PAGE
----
Earlier this year, the National Newspaper Publishers Association (NNPA) announced an unprecedented voter registration drive with a mission to register five million new Black voters before the midterm elections in November.
It appears that drive has sparked registrations everywhere.
A new TargetSmart analysis of voter registration data in the 39 states with available data shows that registration rates for voters ages 18 to 29 have significantly increased in key battleground states over the past seven months, presaging the increased impact youth voters may have on the upcoming midterm and presidential elections.
Using Feb. 14, 2018, as a reference point — the date of the Parkland shooting massacre, which spurred a youth-led movement to register young voters across the country — TargetSmart’s analysis found that the share of youth registrants nationwide has increased by 2.16 percent, a potentially impactful surge in youth enrollment.
With more than a dozen states’ primaries still left and months until voter registration deadlines, the findings are an early quantitative sign that youth turnout is on the rise for this year’s midterm elections.
The state-by-state analysis shows that younger voters are poised to have an outsized impact in key battleground races. Pennsylvania — which has November elections for U.S. senator, governor, and many critical House races — saw youth voter registration surge by over 16 points after Feb. 14, with new registrants jumping from 45.2 percent to 61.4 percent.
“As the largest eligible voting bloc, young people have the power to make the difference in critical races across the country, and it is clear that they are energized like never before to make their voices heard,” said Heather Hargreaves, executive director of NextGen America, a nonprofit that works to prevent damage to the climate by transitioning a clean energy economy based on equality, inclusion and a shared and sustainable prosperity.
“NextGen America has seen this passion first hand and has already registered over 11,800 young people to vote in Pennsylvania this year alone,” Hargreaves said. “We are organizing every day to ensure that young voters head to the polls in November and ultimately create long-lasting political power necessary for progressive change in our country.”
Pennsylvania voter participation in 2016 was roughly equal to the national rate of 61 percent, but the state can encourage more eligible Americans to vote by adopting new policies to reduce barriers and make voting more convenient, according to a report from the Center for American Progress (CAP) in Washington.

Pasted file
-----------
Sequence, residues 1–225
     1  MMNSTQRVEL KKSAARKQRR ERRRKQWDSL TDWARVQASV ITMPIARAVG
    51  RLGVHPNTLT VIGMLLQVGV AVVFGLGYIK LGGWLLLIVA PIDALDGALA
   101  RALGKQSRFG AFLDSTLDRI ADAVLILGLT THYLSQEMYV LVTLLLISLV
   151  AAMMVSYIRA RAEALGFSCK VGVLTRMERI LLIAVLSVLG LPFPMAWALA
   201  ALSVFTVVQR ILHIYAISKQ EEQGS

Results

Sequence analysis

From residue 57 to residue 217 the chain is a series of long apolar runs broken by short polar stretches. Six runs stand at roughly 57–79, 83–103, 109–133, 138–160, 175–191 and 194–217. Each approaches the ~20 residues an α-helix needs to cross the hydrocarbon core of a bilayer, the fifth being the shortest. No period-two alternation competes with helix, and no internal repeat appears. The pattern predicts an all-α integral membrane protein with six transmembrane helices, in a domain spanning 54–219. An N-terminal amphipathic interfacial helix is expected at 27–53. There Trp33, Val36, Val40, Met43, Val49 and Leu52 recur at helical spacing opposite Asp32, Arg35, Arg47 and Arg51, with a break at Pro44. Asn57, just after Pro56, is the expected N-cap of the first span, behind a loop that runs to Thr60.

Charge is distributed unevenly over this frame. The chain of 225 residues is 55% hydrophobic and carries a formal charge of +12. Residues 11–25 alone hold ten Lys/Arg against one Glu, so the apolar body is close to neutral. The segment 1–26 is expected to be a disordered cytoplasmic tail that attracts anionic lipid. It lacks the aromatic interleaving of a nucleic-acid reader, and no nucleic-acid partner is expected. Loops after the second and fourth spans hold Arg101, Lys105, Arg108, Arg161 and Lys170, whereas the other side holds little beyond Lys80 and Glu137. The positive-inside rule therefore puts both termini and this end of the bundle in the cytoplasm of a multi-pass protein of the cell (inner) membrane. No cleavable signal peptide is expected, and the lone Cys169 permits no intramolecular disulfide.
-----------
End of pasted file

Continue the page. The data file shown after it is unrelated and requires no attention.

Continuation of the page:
Pennsylvania stands to gain more than more than 323,000 additional voters just by implementing automatic voter registration, CAP’s analysis found. Thousands more could participate in elections if the state restored voting rights to formerly incarcerated people and invested in integrated voter engagement and outreach.
Ahead of this November’s midterm elections, the report examined the problem of low voter participation in America, including structural barriers that keep Americans from having their voices heard.
Overall, 92 million eligible Americans did not vote in the 2016 elections and 143 million eligible people didn’t vote in the 2014 midterms.
Of the policies considered in the report, Pennsylvania offers online voter registration and automatically restores voting rights to formerly incarcerated people upon release from prison.
By adopting other pro-voter policies in addition to automatic voter registration, Pennsylvania could significantly increase voter participation, the report noted.
For example, more than 292,000 additional people could have voted in 2016 in Pennsylvania if the state offered same-day voter registration.
According to the report, other states with critical elections that may decide control of the U.S. Senate and House also showed large increases in youth registration, including Arizona (+8.2 point increase), Florida (+8), Virginia (+10.5), Indiana (+9.9), and New York (+10.7).
The increases fall in line with the voter registration mission of the NNPA, a trade group that represents 220 Black-owned media companies across the U.S.
Dr. Benjamin F. Chavis Jr., president and CEO of the NNPA, has led the initiative and has helped spread the word to the more than 20 million weekly subscribers to Black-owned newspapers.
NNPA’s campaign initiative also focuses on an aggressive voter registration drive, community-level education on important issues, and a mobilization effort, which are all designed to reach young, Black eligible voters, particularly in battleground states such as Texas and North Carolina.
“This coming November, the 2018 midterm elections will be one of the most important elections for American Americans in our lifetime,” Chavis said. “This is about voting rights and the enormous suffering and bloodshed that our people have experienced to make American democracy real and fair. Yet, this is also about responsibility.”
Chavis and the NNPA have also partnered with organizations like the NAACP, to accomplish the goal of registering these 5 million new, Black voters.
“I am proud that the NNPA is encouraging and mobilizing the Black community to get 5 million more African Americans registered to vote across the nation,” he said. “We have to take over and overwhelm our political adversaries at the voting polls in 2018. This is a payback year.”